Some Things You Don't Have To Do To Earn God's Love

https://images.unsplash.com/reserve/Af0sF2OS5S5gatqrKzVP_Silhoutte.jpg?q=80&fm=jpg&s=aa0399d0a07be6afd5470a6dd6092bb3(updated from the archives)...Kinda inspired by Brant's "Here’s a 'Bucket List' of Things to Do Before Going to Hell", here's a list of things you don't have to do to impress God or earn His love. Cause it seems that I continually find myself trying to.


- Read your Bible every day
- Pray every day
- Post inspirational or religious quotes to your Facebook wall
- Blog about your faith
- Listen to only Christian music

Monday, July 27, 2015

Heretic Hunter: The Folly of Wisdom

Warning: Auto-defender has identified this post as bearing the marks of the infamous Heretic Hunter. The views contained therein are not representative of The Hopeful Heretic. Please disregard. Steps are being taken to prevent further infractions on this blog.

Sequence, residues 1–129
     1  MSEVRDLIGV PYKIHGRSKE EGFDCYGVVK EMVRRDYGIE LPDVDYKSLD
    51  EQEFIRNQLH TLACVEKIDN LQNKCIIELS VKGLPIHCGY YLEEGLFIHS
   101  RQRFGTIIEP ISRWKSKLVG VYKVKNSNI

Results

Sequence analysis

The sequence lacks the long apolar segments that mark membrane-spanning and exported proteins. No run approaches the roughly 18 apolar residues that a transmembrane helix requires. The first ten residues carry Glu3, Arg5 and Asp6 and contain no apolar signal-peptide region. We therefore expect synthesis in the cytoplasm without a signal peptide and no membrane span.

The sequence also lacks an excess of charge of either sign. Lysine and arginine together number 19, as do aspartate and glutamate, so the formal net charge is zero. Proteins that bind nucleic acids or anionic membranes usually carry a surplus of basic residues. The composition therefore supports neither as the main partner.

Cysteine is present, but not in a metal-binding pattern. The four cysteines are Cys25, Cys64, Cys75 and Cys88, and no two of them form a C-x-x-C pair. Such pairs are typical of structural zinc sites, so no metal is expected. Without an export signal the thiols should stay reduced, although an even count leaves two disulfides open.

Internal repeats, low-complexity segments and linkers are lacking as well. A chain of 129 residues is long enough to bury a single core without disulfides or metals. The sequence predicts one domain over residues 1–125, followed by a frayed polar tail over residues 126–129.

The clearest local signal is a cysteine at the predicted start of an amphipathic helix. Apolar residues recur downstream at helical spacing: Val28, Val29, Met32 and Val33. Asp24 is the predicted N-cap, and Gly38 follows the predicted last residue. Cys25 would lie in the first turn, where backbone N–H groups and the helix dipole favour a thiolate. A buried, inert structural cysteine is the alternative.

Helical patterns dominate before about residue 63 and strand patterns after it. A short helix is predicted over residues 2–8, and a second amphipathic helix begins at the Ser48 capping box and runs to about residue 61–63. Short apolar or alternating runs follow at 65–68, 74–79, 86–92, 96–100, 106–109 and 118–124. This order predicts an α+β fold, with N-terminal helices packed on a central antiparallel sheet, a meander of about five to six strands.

I have noted a disturbing trend among believers. There seems to be an uprise in the use of unsound methods for making decisions. Bible believers far and wide are abandoning proven strategies such as the still small voice for this sorcery known as "wisdom."

This trend greatly concerns me. People have tried to reassure me by telling me that different people hear God in different ways, but I do not think they understand the gravity of the situation. They have not studied out wisdom and its roots like I have. It is dangerous and carnal and liable to lead to a decrease in the overall religiosity of believers. I don't understand why believers would resort to such witchcraft when there are already so many proven methods already available.